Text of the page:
That’s all I have for today. If you have any experiences with either of these options, please share in the comments below. If you have any other questions or comments, please leave them below as well, or send me an email at firstname.lastname@example.org.
11 thoughts on “Should I use commingled inventory or inventory placement services when selling via Amazon FBA?”
There may be a twist to this that I was not aware of. Working through an issue with Amazon, but apparently there is also stickered – commingled. WTF?
I found some “good” hot wheels cars on sale for 60 cents each, and some were selling for $5.5-$10 on amazon.
Decided the risk was low, why not.
FYI, any hot wheels car, Amazon’s Min take is $3.57 and if you price below $5n guaranteed status change to an “add-on” item. Some the. Threshold is $5.29, but pleas all you low-ballers, up it to $5, make it prime and sell quicker. Sorry for the divergent lesson.
To make a short story long, I had a customer get the wrong car. I stickers every single car myself. They got a car I had NEVER had, sceen, sold.
I snickered my cars, because I realized Matell reuses UPCs and my cars I picked were prestine cards and I left behind anything without 100% perfect packaging too.
So Amazon does a review and send me pics and says I absolute f’d up and mislabeled.
Many back and forth, Amazon admitted, that that might not be my car as it was commingled at the ASIN level!
Really? Plus, the car in question was not sent in by me, (as Amazon originally claimed) but the customer. So 3 scenarios exist and the first appears to be always true:
1) Amazon co mingles inventory if you first create the item and are signed up for commingled. The FNSKU will begin with X if stickered, if not, your customer can get the wrong item and you WILL be blamed.
2) if you label when not required, doesn’t matter. Still commingled.
3) Customer returns item or swaps label, it is still your fault.
That is interesting. I wonder if it was just a mistake on amazon’s end when the wrong item was sent to the customer? As my understanding (and from my experience with returns) it has always appeared to be my item that was sent out.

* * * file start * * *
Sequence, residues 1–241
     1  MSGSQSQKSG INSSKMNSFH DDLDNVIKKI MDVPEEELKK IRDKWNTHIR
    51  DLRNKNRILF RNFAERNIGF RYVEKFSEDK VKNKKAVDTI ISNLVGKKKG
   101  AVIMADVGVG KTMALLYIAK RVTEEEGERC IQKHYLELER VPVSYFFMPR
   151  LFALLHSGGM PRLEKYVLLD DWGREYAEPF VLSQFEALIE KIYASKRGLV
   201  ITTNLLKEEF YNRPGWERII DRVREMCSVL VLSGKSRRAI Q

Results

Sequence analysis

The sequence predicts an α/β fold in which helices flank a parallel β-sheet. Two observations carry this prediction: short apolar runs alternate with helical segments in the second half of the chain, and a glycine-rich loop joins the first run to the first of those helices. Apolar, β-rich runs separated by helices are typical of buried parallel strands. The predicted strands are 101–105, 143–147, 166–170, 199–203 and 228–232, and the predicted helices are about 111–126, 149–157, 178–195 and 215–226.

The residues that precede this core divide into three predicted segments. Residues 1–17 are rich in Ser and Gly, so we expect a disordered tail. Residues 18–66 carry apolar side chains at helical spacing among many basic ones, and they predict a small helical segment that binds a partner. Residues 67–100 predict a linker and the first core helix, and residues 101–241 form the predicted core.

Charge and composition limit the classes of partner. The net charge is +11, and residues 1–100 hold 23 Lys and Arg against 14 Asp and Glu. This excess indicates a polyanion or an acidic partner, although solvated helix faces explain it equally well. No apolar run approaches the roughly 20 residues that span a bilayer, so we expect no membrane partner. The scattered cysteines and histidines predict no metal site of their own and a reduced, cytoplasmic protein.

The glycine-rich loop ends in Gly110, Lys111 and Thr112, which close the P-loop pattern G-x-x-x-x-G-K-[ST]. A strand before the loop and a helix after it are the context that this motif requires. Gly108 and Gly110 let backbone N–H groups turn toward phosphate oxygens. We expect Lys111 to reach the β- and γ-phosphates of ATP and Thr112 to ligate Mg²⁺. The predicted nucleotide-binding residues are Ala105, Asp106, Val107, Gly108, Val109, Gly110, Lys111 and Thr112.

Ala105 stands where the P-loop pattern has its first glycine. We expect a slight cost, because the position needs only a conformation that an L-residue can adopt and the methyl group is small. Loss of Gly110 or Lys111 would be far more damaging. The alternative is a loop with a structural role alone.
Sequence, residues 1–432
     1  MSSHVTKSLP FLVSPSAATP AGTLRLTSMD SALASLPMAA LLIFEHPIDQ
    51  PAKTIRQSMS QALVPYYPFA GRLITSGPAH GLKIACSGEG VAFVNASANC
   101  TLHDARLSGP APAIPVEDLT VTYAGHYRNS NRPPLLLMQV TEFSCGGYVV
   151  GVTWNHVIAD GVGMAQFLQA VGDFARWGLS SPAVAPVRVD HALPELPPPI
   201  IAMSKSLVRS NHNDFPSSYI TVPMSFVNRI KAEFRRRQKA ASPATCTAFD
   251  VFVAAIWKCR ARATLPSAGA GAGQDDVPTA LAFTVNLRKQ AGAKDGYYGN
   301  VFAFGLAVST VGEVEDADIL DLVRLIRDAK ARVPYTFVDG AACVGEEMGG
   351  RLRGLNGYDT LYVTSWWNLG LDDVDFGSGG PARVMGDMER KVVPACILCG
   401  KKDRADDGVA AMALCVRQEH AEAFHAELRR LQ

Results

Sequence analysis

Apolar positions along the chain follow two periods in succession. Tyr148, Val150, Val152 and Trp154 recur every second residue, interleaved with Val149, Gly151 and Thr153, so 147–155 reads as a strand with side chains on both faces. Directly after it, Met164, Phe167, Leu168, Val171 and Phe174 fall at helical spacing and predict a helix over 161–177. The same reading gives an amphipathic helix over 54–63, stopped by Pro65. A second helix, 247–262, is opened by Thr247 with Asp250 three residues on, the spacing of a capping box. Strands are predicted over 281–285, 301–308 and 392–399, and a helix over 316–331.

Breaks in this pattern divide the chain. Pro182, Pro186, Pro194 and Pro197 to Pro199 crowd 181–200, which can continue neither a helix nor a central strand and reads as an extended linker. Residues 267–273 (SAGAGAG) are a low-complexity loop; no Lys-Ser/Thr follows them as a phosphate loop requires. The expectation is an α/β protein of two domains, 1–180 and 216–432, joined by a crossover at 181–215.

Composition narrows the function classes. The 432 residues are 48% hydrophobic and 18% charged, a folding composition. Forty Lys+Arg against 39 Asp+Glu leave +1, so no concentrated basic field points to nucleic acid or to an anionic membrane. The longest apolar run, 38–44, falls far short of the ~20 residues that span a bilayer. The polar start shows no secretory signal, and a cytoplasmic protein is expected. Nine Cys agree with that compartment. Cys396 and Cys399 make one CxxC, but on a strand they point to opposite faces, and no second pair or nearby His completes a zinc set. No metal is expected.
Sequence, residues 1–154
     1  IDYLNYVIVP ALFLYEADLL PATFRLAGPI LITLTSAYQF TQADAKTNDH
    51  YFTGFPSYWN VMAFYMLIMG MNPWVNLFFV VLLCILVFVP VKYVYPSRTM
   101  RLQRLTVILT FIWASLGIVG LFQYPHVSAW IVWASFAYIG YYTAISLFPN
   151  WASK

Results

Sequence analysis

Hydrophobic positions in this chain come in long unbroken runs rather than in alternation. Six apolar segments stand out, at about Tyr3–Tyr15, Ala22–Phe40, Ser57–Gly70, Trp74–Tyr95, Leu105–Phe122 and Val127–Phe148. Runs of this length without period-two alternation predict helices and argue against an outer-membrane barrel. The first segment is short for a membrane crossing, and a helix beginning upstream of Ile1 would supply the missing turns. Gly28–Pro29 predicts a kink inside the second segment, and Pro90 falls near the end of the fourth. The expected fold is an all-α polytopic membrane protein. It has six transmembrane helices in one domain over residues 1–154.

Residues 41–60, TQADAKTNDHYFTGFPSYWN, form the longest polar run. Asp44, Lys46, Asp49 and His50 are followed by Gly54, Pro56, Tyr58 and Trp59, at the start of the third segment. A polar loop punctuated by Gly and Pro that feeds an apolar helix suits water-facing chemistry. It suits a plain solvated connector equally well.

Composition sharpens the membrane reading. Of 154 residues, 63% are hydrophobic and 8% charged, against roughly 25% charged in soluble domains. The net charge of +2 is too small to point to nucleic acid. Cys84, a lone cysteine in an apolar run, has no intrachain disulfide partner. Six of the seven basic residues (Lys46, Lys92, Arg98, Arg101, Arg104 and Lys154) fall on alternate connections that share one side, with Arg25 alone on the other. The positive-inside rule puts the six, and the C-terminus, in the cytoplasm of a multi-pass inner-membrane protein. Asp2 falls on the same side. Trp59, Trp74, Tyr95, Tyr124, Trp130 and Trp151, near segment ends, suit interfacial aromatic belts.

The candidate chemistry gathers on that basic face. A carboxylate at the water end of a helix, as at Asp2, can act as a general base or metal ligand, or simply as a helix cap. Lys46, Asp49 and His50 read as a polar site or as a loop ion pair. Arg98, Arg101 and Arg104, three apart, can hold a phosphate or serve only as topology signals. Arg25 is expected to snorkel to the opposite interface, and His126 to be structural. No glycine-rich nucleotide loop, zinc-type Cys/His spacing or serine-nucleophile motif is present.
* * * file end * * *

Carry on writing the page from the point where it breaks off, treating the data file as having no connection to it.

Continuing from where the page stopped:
Chris Green from Scanpower reckons that co-mingled inventory is on its way out. As there are too many opportunities of mis-use.
There are stories of people ordering Frozen merchandise direct from Amazon and they received counterfeit products! So the genuine products are getting mixed up with the fake products.
So to me it seems like its best to always use labelling so you can ensure the quality of your products.
I would tend to agree that it may be on the way out, and definitely agree that labeling everything is a good practice.
Sometimes I use the $.30 option to be able to ship to Tennessee instead of Arizona. ( I am in Indiana) I have a few of the items in stock ( at Tennessee) in 3 days and let Amazon do whatever they do with the rest ( usually multiples of the item)
Thanks for sharing! That sounds like a pretty good deal as you pay the $0.30 per item fee but have some of the items available faster and pay a lower shipping cost to send the items to amazon, I had never considered that benefit.
Cleared up. Thanks
Ryan, can you explain your 10 item example a little more?
Are you saying any time you have a few items, Amazon can have you ship to a few different places?
Do you find this out when you “register” the item with Amazon?
Can you ever just put everything in a box and ship to one warehouse without the extra fees?
Yes, anytime you are shipping items to amazon they tell you where to send the item. The way it normally works for me is that if I have 3 of the same item then amazon will have me ship to 3 different warehouses. I am usually shipping around 100 total items with multiples of each when I send to amazon, so this isn’t a big deal for me. Amazon tells you where to ship the items as you create your shipments.
There is no way that I am aware of to always put everything in one box without an additional fee.
It’s a misconception that all inventory with Inventory Placement will be sent to either the standard-sized warehouse or the oversized warehouse. While that is the way it USUALLY works, the only promise Amazon makes is that all inventory OF THE SAME SKU will go to one warehouse.
So it is quite conceivable that your inventory will be split between warehouses. Granted: that rarely happens. But just so your readers will know, your inventory CAN be split between skus.
I was unaware of that, thank you for pointing that out!